Dissertation | Jan 20, 1996

A dissertation submitted in partial fulfillment of the requirements for the award of M Phil at the College of Combat, Mhow (MP).

January 1996





“The Twentieth Century has been one of indiscriminate violence. But when people look back at it five hundred years from now, they will remember that it marked the first exploration of space and the invention of the microchip. They will not remember Hitler, Stalin, Churchill and Roosevelt.”

Arthur M. Schlesinger Jr.



Appendix:- Bibliography.




Millions of people all over the world looked on with incredulity as the East Germans brought down the Berlin Wall brick by brick in November 1990. When the gates of Checkpoint Charlie were finally thrown open, the world press was there in strength to record the tears of joy which flowed as the East and West Berliners were reunited after over four decades of bitterness and strife. People of the world witnessed live on their television screens a defining moment in history — the Iron Curtain had fallen.
On 21 November 1990, 22 Heads of State from NATO and Warsaw Pact countries met in Paris to sign treaties which would result in the destruction of large stocks of tanks, artillery pieces and aircraft. A little later, the Soviet armies stationed in former Warsaw Pact countries withdrew to Russia, leaving behind newly independent and newly democratic East Germany, Czechoslovakia, Hungary, Poland, Romania, and Bulgaria. The unexpected collapse and breakup of the Soviet Union itself in 1991, as a large number of its 15 constituent republics demanded independence or autonomy, and its consequent loss of power and prestige, finally marked the end of the undeclared but furiously fought Cold War.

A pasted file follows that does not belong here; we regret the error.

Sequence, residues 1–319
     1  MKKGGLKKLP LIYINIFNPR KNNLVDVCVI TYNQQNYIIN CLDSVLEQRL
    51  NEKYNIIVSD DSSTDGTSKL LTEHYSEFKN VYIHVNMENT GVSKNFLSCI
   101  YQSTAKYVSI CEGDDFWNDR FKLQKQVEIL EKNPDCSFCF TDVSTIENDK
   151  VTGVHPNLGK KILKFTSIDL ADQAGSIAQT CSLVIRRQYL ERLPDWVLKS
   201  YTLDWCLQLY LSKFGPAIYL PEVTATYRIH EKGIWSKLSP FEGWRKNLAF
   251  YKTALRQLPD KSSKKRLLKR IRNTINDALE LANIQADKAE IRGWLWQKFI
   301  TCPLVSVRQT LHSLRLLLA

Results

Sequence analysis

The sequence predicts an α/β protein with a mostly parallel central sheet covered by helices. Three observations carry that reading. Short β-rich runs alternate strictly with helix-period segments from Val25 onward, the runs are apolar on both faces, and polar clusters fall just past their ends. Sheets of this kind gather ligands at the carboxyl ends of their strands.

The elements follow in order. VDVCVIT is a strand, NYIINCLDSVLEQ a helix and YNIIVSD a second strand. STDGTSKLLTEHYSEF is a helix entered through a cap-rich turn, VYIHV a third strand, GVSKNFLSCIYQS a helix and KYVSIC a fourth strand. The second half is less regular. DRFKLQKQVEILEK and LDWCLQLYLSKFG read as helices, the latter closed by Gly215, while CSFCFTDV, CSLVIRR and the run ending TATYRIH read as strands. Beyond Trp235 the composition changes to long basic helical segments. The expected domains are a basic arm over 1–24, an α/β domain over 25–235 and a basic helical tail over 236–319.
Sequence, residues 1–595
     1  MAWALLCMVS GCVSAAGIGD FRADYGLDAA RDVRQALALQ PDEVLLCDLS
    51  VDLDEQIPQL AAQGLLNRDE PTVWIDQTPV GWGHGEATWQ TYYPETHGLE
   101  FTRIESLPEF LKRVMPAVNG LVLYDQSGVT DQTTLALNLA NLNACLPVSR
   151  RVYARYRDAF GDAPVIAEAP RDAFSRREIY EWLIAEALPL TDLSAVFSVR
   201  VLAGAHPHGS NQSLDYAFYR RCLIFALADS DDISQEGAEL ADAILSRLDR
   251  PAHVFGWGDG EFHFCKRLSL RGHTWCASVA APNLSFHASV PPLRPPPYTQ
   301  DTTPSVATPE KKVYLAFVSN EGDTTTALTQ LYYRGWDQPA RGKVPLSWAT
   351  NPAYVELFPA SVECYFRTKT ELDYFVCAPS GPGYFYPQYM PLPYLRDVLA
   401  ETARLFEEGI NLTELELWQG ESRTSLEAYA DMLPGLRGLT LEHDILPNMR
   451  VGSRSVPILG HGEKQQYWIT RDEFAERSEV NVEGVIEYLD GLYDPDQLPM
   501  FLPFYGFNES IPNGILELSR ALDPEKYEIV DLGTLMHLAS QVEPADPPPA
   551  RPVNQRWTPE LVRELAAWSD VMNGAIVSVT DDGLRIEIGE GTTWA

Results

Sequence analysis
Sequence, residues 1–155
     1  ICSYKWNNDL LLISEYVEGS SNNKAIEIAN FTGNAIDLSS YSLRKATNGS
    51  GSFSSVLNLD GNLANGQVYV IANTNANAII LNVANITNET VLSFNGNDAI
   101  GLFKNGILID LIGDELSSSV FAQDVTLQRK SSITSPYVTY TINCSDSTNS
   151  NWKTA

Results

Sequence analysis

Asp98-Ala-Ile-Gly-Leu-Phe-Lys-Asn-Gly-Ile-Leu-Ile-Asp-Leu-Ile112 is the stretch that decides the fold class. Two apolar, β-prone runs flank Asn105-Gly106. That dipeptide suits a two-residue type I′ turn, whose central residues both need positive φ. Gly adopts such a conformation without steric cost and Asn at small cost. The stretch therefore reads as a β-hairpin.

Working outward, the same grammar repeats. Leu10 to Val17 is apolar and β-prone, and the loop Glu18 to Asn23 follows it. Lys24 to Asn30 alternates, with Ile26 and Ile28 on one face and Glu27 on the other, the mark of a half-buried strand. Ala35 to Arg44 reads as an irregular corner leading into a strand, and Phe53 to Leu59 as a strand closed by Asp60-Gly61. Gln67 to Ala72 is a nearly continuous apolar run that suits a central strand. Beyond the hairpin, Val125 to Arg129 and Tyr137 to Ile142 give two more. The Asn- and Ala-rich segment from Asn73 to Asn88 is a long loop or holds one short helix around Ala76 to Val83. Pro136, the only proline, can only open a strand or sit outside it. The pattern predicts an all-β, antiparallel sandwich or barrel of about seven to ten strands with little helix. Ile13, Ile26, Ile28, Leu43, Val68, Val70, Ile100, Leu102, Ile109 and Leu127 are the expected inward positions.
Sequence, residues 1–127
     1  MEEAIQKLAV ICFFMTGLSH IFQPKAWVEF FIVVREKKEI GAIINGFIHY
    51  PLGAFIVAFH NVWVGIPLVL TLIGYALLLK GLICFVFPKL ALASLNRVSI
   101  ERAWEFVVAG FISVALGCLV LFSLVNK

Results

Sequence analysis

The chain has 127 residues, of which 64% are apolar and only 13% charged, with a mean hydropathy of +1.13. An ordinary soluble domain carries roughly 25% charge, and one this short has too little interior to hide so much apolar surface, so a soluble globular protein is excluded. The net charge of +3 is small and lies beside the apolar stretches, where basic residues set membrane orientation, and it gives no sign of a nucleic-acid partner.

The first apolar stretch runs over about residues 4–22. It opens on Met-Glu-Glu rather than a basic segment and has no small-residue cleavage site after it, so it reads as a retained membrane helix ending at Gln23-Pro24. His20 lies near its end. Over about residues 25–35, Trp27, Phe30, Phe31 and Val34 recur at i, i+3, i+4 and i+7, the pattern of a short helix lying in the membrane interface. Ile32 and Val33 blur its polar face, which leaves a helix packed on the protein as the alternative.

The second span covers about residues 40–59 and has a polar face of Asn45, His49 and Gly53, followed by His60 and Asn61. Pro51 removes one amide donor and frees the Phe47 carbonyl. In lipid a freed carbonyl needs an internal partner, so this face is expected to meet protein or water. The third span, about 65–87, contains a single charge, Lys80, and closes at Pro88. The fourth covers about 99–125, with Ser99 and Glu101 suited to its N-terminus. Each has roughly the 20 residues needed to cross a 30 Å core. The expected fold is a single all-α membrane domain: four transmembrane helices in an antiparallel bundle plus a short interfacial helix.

The euphoria which swept the world as the great Communist empire collapsed was understandable. For 45 years the world had been worried about war, which at times seemed imminent, as during the Cuban missile crisis of 1962. Hundreds of millions of people, especially in Europe and North America, had grown up in fear of f nuclear holocaust. Now the world was once again in the throes of change. President George Bush proclaimed the beginning of a net era, “Free from the threat of terror, stronger in the pursuit of justice and more secure in the quest for peace, an era in which the nations of the world can prosper and live in harmony.”